Hey everyone, Slick Dungeon here back to review another movie for ya. This time I watched The Mad Women’s Ball on Amazon Prime. Please be warned there may be some spoilers below so if you hate that sort of thing, watch the movie before reading.
This is technically labeled as horror by Amazon but that’s really stretching it for this film. The movie is about Eugenie Clery who is able to communicate with spirits. We never actually see any of the spirits and there’s not so much as a single jump scare here but the plot is central to the fact that Eugenie does, in fact, communicate with spirits.
The film is a period piece set in France just after the death of Victor Hugo. The first scene is Eugenie attending his funeral and then going back home to tell her family about it. I think this quickly establishes her independence and helps the audience to know she’s an intelligent woman who may be ahead of her own times. She lives with her father, brother, mother and grandmother. The brother seems to support Eugenie’s independent spirit while the father is sternly against anything going outside of traditional roles for women.
The audience knows for certain Eugenie is communicating with spirits because she knows things no one else can and there is a very convincing performance here by Lou de Laâge as Eugenie. As things go on, Eugenie lets her secret out once too many times and this is where the film really gets going. Her father and brother take her to a mental asylum (which is what these places were called back then) and because they are men, and they can, they leave her there indefinitely.
If you’re a long time reader of my blog you have probably read me railing against the trope of the mental asylum in horror more than once. It can be old and tired and oftentimes downright offensive to people who have mental illness. On the flip side of that, there are films that get this right. They make the characters in these institutions feel like people not just a convenient reason to have someone run around with a knife to scare the audience. The Mad Women’s Ball is one of these rare exceptions that truly gets this right. The character are real, fleshed out characters, with a multitude of motivations, reasons for being where they are and hopes and dreams. All the while, many of them are there for unfair and unjust reasons, and since this is an asylum for women, it’s pretty clear the men are the ones who get to decide if they stay or go.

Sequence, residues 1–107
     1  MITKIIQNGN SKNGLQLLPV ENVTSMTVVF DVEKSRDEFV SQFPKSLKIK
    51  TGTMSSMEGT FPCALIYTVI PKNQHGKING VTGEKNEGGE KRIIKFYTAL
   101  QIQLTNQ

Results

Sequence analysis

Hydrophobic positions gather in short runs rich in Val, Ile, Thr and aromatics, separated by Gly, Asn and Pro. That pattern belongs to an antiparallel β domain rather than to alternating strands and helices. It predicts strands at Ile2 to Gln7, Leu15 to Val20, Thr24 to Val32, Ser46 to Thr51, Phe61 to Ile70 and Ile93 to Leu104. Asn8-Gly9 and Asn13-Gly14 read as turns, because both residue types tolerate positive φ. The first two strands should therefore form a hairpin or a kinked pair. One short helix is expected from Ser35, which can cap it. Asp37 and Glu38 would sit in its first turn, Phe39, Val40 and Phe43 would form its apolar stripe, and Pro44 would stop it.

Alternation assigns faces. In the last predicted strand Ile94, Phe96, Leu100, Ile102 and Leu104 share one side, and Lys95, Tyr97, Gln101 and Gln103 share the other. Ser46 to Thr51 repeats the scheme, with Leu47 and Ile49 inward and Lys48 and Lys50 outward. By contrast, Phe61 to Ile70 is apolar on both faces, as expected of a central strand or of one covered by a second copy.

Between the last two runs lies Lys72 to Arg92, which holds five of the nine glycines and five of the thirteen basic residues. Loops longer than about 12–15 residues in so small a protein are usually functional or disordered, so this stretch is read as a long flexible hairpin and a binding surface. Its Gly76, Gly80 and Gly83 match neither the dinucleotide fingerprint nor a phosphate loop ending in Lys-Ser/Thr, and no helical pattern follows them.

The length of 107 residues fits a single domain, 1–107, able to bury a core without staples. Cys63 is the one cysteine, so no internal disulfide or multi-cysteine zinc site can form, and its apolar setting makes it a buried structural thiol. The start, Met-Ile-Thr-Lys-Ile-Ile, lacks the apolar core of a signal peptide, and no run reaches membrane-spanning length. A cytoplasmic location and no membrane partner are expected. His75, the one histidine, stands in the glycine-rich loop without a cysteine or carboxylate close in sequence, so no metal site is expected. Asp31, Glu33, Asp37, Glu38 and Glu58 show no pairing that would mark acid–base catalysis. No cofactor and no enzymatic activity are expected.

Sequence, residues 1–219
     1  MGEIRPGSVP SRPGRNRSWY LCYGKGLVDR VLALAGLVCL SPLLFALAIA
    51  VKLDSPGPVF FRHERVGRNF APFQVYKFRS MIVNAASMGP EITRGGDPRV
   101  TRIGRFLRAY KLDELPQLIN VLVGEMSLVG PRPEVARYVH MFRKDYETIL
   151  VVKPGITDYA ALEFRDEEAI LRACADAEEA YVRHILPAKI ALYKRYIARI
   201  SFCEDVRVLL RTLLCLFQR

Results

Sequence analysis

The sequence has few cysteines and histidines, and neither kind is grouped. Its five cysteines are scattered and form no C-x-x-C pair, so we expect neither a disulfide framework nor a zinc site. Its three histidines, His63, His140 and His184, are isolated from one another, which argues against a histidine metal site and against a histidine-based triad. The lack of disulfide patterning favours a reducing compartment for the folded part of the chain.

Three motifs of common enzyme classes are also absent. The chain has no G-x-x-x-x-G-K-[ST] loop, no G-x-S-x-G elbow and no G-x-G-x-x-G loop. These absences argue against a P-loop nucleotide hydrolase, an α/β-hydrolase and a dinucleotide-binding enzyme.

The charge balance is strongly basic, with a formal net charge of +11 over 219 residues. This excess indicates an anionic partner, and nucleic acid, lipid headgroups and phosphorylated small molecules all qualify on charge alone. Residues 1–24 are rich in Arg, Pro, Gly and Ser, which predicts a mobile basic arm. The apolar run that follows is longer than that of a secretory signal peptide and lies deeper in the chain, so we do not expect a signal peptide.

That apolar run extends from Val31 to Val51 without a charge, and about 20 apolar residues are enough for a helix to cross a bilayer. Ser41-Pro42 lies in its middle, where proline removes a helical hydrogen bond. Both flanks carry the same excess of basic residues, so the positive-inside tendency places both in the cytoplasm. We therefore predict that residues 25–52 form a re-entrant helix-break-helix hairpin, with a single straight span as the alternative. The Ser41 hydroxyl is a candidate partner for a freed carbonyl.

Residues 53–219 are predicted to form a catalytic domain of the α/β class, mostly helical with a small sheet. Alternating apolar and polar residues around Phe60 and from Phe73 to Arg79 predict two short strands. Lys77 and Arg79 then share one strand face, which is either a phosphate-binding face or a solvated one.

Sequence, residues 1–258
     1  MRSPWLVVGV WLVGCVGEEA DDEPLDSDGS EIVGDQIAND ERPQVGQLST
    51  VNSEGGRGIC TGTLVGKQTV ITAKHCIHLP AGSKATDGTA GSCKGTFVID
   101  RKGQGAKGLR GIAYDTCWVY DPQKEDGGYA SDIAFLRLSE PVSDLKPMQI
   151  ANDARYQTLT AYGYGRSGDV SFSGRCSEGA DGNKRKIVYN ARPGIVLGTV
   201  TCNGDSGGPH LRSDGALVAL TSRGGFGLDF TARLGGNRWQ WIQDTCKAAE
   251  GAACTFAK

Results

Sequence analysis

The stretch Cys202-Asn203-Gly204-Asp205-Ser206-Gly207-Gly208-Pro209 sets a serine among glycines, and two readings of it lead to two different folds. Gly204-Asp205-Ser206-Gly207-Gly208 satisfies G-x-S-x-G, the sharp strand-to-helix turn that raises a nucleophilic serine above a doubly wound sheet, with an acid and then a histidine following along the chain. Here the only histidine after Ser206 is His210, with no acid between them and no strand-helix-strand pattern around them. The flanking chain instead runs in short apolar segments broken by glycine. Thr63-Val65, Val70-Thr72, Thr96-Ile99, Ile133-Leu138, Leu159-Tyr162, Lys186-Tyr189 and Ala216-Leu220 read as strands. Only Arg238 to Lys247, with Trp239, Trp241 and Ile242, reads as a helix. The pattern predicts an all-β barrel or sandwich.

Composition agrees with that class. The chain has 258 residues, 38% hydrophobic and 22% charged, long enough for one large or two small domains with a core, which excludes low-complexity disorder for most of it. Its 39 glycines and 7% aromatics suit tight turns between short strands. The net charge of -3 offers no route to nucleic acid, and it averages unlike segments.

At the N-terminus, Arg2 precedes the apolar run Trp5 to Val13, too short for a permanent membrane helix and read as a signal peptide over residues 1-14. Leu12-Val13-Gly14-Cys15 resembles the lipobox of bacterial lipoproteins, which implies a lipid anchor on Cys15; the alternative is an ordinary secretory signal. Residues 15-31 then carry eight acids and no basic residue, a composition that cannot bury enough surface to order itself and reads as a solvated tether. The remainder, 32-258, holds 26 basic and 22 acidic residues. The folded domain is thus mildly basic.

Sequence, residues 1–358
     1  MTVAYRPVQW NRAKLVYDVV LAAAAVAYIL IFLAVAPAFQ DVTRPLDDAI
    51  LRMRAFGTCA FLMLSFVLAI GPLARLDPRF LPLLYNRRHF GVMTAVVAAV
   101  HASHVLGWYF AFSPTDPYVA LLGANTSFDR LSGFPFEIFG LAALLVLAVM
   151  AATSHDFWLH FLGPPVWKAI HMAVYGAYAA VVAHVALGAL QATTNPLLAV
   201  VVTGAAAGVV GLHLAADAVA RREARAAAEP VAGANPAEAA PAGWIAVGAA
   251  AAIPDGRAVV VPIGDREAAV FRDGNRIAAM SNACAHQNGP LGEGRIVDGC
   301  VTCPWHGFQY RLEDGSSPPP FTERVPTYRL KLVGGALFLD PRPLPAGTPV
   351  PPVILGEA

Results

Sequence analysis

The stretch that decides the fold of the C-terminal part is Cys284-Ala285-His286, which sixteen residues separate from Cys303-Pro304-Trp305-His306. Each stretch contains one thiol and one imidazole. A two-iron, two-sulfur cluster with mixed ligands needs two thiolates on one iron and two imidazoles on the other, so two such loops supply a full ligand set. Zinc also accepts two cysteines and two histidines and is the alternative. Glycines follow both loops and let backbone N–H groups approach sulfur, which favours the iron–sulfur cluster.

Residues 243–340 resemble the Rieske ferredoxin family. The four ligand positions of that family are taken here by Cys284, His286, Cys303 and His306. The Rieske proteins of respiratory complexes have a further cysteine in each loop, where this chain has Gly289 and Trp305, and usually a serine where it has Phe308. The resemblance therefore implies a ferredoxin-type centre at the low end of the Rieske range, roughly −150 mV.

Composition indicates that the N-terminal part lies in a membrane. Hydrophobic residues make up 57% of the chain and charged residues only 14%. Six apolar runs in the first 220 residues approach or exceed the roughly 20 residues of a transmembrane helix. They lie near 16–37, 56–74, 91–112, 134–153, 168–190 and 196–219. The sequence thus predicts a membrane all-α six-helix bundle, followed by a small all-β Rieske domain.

Eugenie is understandably upset and afraid when she is dropped here so of course she’s labeled hysterical almost immediately. Things keep turning worse for her as she either states she talks with spirits or is scared by them. She quite reasonably argues to people who are going to church that it’s no more crazy to believe in spirits than to believe the incidents of spirits in the bible. Those people weren’t locked up but Eugenie is.
All in all I think this film is a blistering criticism of the patriarchal routes of modern mental health care and more than any other film I can think of shows how out of touch the doctors of the time were with their patients. The real horror here is not at all that Eugenie can speak with spirits, it’s how these women are treated, put on display, looked down upon, and overall abused. At the same time it doesn’t simply put all men in the same bucket of horrible. Eugenie’s brother seems to be a kind and caring man who actually thought he would be helping his sister by placing her in the asylum.
If you want a film with excellent performances, set in an asylum, where the characters are multidimensional and the plot does not feel like it is simply trampling over the issues of the time, this is an excellent film to check out. My only real criticism here is it is a bit slow at points and there is a lot of silence in the beginning which makes it feel like a bit of a slog at the start. However, once Eugenie ends up in the asylum there is plenty of movement of the plot and things get interesting after that.
Have you watched this one? If so, let me know what you thought of it in the comments.